Update on the Guytonian view of hypertension. Current opinion in nephrology and hypertension Pao, A. C. 2014; 23 (4): 391-398


Dr Arthur Guyton hypothesized that the capacity of the kidney to excrete sodium ultimately dictates long-term changes in blood pressure. This model has had a profound influence on our understanding of blood pressure regulation. The goal of this article is to review a selection of classic studies and highlight more recent molecular studies supporting or refuting the Guyton model of blood pressure regulation.Molecular characterizations of human disorders of sodium homeostasis and blood pressure, and phenotypic analysis of transgenic mouse models, strongly support the Guytonian view that the kidney plays a central role in blood pressure control. However, recent studies also support the view that primary changes in the vasculature and nervous system significantly contribute to long-term changes in blood pressure.The findings from provocative studies, particularly those that demonstrate how primary changes in the vasculature alter blood pressure without affecting renal sodium handling, challenge the Guyton model and need to be reconciled with the basic tenets of this model. Future characterization of these exceptions to the Guyton model will be critical in gaining a more complete understanding of the physiology of blood pressure regulation. This path of discovery will undoubtedly lead to new approaches for the diagnosis and treatment of hypertension.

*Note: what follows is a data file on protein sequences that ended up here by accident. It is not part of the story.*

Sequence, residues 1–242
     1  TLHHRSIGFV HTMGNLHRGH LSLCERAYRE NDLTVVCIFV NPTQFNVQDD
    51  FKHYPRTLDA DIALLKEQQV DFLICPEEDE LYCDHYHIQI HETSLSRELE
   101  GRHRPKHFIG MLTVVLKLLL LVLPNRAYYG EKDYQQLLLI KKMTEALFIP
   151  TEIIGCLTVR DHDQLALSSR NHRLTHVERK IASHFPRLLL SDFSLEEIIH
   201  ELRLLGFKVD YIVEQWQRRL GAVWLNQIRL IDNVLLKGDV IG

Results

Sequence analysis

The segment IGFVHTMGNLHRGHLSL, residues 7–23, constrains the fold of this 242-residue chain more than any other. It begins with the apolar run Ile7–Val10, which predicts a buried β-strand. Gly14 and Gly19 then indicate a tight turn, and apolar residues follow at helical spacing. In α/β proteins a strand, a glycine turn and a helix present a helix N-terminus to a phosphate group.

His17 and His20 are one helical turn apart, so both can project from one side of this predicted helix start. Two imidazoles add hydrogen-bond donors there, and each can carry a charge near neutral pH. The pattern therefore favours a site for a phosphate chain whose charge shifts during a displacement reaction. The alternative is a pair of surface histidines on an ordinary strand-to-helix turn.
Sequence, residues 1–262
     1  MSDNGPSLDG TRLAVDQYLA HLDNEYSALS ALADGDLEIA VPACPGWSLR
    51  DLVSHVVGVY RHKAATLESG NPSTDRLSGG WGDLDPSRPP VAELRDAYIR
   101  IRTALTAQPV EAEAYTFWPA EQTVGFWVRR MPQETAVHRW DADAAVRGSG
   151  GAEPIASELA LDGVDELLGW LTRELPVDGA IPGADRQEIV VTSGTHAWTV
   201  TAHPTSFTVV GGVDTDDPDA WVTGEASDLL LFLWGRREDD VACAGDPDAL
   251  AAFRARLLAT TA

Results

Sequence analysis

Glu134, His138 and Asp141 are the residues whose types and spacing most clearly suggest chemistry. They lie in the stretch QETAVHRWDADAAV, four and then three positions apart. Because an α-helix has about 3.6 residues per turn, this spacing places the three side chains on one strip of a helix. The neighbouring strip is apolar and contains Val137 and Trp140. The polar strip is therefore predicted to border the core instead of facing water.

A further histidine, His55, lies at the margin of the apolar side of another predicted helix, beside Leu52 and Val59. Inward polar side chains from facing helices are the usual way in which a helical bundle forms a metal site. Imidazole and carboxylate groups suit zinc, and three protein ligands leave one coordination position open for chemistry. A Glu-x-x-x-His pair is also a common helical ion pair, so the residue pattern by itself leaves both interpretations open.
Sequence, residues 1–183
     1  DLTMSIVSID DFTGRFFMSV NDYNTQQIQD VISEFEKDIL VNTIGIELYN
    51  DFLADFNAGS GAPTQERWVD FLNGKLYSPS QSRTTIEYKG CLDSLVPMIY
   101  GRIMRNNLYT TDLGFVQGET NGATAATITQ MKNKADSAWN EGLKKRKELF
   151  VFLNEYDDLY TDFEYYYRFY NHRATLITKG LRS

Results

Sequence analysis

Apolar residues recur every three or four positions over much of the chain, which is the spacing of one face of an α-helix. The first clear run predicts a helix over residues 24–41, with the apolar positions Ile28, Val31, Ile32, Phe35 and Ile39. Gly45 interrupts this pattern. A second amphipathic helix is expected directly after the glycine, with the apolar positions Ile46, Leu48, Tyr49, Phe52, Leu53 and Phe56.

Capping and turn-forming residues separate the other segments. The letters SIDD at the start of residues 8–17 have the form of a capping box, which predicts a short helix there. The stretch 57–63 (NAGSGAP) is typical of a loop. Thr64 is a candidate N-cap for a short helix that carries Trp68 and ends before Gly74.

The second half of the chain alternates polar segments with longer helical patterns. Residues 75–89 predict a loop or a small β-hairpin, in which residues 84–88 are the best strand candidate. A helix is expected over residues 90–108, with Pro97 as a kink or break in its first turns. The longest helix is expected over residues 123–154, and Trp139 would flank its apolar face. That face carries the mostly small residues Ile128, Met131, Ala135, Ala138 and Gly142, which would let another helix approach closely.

View details for DOI 10.1097/01.mnh.0000450777.17698.8e

View details for PubMedID 24901409